(C) 2021 WebMD, LLC. All rights reserved.

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New GR Pharmacy to Serve Spanish-speaking Patients




GRAND RAPIDS, Mich. (WOOD) — By the end of the year, Grand Rapids’ Roosevelt Park neighborhood will have a new pharmacy.

Trinity Health Clinica Santa Maria began construction Monday morning on the $1.5 million project. The new pharmacy will include both walk-up and drive-thru services.

Trinity Health Clinica Santa Maria practice leader Kameron Selleck it will offer convenience in a neighborhood that doesn’t have a pharmacy close in proximity, making it challenging for patients to get their prescriptions in a timely manner.

“A lot of our patients do encounter a lot of social barriers in their lives,” Selleck said.

He added that a language barrier can make it difficult patients to get their prescriptions. He said nearly every employee at Clinica Santa Maria is bilingual in Spanish and the plan is for that trend to carry over to new pharmacy and pharmacy tech hires.

“I think this project was announced almost five years ago, so it’s here,” Selleck said. “I just really encourage the community to be as excited as we are.

The pharmacy is at 730 Cesar E. Chavez Ave. SW (formerly Grandville Avenue) at Martin Luther King Jr. Street (formerly Franklin Street) in Grand Rapids. It will be the seventh Trinity Health pharmacy in the Grand Rapids area, with the other locations being Cathedral Square, the Wege Building at Trinity Heath Saint Mary’s, Hudsonville, Rockford, Byron Center and Southeast Grand Rapids.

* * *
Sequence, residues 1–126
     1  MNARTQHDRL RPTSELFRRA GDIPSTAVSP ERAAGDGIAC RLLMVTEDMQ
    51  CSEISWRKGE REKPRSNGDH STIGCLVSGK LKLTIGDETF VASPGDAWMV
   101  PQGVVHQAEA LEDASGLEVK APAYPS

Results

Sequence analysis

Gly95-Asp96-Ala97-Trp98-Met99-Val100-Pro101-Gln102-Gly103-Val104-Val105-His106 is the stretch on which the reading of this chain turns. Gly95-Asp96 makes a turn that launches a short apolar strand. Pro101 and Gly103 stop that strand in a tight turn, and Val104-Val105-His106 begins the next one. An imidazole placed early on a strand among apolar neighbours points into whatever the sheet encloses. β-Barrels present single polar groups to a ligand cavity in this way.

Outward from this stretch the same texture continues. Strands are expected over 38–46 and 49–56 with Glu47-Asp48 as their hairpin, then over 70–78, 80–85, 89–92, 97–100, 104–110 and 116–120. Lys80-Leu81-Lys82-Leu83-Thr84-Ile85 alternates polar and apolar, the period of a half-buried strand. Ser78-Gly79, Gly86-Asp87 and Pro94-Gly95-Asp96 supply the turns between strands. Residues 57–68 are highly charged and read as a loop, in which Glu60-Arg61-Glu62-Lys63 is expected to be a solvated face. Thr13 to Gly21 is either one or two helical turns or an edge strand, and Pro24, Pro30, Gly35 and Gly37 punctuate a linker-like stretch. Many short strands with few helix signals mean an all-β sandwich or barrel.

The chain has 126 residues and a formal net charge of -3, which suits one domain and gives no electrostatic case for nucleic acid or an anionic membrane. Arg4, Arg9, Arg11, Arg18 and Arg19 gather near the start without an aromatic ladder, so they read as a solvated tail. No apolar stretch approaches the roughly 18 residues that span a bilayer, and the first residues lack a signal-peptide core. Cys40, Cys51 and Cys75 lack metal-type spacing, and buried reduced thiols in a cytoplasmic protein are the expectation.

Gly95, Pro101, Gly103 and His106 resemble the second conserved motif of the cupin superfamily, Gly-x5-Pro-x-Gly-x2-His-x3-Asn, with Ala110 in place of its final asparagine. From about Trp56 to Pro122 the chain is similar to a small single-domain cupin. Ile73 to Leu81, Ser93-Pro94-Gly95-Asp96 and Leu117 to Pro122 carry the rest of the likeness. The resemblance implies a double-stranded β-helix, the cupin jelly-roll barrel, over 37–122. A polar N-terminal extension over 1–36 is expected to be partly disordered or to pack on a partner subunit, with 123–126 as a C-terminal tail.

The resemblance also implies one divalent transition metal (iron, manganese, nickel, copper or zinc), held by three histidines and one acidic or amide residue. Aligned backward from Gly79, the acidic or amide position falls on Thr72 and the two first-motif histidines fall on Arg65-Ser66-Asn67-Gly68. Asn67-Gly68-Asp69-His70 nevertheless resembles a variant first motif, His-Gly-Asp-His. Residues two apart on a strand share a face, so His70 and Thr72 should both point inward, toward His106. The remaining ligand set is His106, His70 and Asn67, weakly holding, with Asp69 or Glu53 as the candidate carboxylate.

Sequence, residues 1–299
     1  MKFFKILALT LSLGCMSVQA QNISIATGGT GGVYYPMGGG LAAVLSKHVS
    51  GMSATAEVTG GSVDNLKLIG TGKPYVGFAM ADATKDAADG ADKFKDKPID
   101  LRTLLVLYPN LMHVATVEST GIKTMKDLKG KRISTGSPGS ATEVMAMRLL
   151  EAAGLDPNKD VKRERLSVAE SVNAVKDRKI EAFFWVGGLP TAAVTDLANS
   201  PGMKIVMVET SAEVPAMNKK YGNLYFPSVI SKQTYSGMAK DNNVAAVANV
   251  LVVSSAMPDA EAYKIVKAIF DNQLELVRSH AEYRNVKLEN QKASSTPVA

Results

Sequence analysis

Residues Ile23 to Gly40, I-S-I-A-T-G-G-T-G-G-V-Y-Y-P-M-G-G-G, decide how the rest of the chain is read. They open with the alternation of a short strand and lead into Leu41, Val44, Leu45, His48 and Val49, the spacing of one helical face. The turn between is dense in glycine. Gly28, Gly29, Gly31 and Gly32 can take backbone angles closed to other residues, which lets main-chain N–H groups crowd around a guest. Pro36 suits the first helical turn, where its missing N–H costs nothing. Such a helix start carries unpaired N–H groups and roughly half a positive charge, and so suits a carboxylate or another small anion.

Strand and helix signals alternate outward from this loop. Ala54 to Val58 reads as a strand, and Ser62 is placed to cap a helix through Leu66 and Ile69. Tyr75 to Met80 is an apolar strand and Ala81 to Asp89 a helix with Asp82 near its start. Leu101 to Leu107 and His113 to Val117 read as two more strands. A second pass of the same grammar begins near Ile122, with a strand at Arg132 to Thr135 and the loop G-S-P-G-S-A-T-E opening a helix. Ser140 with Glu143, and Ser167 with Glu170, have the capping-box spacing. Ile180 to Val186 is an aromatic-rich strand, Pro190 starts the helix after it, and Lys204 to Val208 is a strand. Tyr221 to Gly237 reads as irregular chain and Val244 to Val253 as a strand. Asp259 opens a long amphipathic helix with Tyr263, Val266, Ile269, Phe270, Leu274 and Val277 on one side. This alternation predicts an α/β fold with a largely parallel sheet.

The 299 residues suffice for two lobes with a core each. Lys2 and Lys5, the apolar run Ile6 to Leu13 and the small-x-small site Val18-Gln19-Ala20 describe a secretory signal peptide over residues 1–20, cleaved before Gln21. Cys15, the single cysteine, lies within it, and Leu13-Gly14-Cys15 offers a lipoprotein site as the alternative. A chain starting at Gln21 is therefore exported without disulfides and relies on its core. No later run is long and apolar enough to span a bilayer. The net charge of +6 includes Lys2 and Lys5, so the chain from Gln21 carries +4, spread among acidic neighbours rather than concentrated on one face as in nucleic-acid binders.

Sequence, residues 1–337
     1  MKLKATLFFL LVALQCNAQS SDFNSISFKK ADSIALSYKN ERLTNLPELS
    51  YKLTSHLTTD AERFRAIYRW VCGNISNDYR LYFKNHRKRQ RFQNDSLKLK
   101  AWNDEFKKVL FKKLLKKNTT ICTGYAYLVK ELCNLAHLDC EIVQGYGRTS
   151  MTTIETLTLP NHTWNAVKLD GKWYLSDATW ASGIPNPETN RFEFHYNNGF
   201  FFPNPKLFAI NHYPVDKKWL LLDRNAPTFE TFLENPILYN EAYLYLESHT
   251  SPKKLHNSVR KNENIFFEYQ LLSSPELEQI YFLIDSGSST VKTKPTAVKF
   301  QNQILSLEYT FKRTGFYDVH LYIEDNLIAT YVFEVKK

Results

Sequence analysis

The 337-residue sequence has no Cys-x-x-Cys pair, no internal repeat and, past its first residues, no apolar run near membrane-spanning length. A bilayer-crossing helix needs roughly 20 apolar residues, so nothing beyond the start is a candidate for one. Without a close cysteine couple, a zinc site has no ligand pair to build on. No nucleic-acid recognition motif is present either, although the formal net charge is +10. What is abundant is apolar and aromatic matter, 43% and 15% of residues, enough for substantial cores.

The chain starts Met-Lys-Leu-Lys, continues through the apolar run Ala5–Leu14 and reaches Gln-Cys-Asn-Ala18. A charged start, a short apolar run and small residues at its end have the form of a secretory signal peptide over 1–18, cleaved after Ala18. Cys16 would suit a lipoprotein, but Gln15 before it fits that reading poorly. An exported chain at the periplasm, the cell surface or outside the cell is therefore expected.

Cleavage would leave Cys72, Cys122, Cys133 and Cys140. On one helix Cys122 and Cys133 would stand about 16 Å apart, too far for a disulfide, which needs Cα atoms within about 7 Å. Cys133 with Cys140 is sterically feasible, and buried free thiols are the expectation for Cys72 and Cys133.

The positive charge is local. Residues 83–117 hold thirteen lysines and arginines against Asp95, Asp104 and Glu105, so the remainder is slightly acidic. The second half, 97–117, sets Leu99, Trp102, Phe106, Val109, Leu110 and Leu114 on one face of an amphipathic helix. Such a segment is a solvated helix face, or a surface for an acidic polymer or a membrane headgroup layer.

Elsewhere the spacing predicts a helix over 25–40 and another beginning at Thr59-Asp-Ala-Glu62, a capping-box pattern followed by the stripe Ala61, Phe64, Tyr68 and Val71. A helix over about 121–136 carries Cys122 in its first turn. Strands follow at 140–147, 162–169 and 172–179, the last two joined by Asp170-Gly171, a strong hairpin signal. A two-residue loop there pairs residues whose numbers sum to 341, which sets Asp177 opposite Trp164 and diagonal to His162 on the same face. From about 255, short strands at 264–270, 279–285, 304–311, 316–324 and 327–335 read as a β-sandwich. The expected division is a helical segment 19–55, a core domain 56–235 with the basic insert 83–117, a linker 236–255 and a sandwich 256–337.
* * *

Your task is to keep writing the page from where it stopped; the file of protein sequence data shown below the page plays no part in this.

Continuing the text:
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Tulip Time Crowds Encouraging for Returning Festivals




HOLLAND, Mich. (WOOD) — Tulip Time saw big crowds this year as it returned to a more regular schedule.

The event was cancelled in 2020 and scaled back last year because of the pandemic.

Hot temperatures caused damage to some of Holland’s tulips, Tulip Time organizers say.

The heat caused challenges for the 2022 festival. The Tulip Immersion Garden, a new attraction, had to close early because the hot temperatures caused too much damage to the flowers, Tulip Time Executive Director Gwen Auwerda said.

“They don’t like 80 degree, 90 degree weather. Tulips prefer it to be about 40 at night, 60 to 70, maybe 80 during the day,” Auwerda said.

Heat closes down Tulip Time Immersion Garden early

The organization is working on final numbers but saw attendance return to pre-pandemic levels.

“I do know that the carnival exceeded 2019 by 25 to 30%, so that was fabulous for them and it was packed everywhere in town,” Auwerda said.

Kevin Knight, the owner of Market Zero, said the festival definitely provided a boost as they worked to keep up with demand. 

“It’s a huge kick off to your summer season,” Knight said. “Our fridges were completely full and got completely empty and completely full and completely empty, so it was about everything we could handle.”

Market Zero in downtown Holland on May 16, 2022. Inside Market Zero in downtown Holland on May 16, 2022.

The return of crowds could be good sign for other events coming back this summer, like the Festival of the Arts in Grand Rapids. Mark Azkoul, an organizer for the event that began in 1970, sees the success of Tulip Time as encouraging.

Tulip Time has record-breaking opening weekend

“We’ve been out for two years so this is a big thing for us and for the city to get Festival back up and going,” Azkoul said.